A cursory look at the wealthiest individuals, barring a few, will reveal that most of them are civil servants. Yet no noticeable prosecutions against corruption were ever instituted. Ill gotten wealth, read corruption and fraud, was the operational word for that regime. People jostled for positions in the civil service because that was where wealth could be easily acquired.

When the prosecuting agency investigates corruption and brings the culprits before the courts, they make the country ungovernable. They go to the extent of calling for the revoking of the prorogation of parliament, so they may orchestrate of vote of no-confidence in the government. To them, when Prime Minister Thomas Thabane and his coalition government partner, Basotho National Party (BNP) leader, Thesele ‘Maseribane flee the country and when the army attacks the police, killing and wounding many, everything is normal.  Talk about being insensitive.  This is it.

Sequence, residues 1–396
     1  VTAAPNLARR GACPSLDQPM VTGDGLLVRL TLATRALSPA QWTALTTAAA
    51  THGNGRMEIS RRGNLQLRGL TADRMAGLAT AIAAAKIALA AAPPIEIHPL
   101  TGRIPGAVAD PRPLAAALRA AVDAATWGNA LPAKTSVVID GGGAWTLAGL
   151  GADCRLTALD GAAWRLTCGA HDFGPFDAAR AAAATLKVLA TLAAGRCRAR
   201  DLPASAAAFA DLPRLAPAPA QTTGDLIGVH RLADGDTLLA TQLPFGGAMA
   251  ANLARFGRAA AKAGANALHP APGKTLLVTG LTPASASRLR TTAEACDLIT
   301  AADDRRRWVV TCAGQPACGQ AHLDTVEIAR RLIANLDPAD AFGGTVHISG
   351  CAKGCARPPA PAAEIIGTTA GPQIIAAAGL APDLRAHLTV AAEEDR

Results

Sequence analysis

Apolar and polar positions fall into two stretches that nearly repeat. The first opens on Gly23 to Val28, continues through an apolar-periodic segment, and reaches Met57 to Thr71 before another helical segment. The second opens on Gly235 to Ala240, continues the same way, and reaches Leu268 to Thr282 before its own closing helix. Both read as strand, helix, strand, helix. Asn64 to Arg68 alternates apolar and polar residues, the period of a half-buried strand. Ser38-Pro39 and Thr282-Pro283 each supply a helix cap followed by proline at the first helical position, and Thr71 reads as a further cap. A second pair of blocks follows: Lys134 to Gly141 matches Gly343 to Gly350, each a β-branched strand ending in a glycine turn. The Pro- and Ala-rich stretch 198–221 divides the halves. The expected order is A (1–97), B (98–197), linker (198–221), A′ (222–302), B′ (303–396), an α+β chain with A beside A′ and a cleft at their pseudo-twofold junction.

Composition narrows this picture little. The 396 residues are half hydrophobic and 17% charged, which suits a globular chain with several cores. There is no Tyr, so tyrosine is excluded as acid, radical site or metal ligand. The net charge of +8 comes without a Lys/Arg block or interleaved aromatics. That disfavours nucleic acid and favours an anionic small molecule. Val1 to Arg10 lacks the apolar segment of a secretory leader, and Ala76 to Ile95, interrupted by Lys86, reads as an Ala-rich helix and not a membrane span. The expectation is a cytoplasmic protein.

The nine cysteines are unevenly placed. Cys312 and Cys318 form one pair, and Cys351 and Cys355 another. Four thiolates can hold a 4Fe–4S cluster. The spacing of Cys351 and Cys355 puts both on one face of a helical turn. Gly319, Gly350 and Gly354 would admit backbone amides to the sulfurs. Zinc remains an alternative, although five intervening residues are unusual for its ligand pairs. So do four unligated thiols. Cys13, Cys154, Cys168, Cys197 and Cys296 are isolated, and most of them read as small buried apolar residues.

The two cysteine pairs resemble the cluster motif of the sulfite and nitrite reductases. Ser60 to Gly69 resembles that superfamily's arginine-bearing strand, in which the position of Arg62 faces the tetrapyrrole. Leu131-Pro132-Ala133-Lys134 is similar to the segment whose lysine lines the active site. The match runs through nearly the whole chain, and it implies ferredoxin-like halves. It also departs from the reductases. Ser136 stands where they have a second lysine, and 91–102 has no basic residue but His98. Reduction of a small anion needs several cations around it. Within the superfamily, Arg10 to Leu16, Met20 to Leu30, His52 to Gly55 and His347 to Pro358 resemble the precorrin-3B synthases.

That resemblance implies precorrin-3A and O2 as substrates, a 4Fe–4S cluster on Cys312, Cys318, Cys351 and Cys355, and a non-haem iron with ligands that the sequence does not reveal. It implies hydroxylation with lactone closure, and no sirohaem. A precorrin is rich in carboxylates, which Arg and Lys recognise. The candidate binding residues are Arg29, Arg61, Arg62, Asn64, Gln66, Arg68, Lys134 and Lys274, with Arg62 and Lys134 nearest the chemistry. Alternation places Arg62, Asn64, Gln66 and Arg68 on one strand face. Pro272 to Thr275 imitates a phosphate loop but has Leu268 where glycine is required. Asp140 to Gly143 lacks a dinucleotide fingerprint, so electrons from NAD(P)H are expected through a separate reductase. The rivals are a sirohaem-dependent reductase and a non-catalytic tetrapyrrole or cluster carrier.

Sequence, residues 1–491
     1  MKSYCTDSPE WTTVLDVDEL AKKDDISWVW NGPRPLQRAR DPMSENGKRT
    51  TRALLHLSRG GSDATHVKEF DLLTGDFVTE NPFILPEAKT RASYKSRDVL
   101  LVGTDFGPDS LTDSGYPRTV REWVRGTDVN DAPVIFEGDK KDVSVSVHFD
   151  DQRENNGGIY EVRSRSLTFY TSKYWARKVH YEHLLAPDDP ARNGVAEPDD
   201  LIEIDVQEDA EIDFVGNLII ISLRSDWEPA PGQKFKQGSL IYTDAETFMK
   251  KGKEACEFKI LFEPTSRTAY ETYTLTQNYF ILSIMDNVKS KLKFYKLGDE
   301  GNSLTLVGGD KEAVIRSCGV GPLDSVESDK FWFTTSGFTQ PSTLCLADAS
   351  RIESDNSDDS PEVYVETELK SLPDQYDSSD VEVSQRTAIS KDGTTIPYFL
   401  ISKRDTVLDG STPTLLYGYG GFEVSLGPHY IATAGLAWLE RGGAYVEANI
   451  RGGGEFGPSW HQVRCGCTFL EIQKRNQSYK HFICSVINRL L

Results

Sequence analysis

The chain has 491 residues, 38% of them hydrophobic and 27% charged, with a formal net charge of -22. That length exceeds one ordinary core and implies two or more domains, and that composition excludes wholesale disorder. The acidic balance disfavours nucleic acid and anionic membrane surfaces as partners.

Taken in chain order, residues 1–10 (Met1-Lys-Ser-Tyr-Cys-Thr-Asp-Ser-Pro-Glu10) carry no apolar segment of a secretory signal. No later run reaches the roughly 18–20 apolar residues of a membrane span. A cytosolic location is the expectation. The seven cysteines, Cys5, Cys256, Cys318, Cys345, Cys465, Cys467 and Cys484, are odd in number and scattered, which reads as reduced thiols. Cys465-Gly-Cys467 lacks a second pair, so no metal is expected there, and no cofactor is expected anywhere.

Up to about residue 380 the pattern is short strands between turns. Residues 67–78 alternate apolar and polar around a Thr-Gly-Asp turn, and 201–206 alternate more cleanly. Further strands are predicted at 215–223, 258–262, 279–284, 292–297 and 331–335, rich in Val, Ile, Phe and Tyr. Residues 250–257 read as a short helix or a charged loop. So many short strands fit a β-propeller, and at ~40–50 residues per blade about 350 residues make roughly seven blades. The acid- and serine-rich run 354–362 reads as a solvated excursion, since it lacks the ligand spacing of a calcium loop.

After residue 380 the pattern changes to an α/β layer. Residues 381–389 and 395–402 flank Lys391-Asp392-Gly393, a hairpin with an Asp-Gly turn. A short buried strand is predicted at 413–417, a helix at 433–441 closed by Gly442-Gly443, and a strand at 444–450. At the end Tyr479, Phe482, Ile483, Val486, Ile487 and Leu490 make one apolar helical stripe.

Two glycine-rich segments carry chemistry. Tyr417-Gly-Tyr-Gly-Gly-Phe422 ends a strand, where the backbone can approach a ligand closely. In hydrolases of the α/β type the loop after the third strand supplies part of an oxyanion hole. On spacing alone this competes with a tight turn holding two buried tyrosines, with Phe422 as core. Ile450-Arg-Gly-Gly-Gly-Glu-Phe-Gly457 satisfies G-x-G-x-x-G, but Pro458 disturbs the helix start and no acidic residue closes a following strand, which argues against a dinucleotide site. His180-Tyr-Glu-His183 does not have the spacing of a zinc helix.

Because they could see their influence in strategic state institutions waning, they made sure they unwaveringly supported the fired commander of the Lesotho Defence Force. Despite a lawful process to terminate his services being undertaken, they still consider him the legitimate army head. Lieutenant General Kamoli is holding this nation to ransom by refusing to relinquish the post. The former regime are, in their own words, threatening a bloodbath should the dismissal be finalised.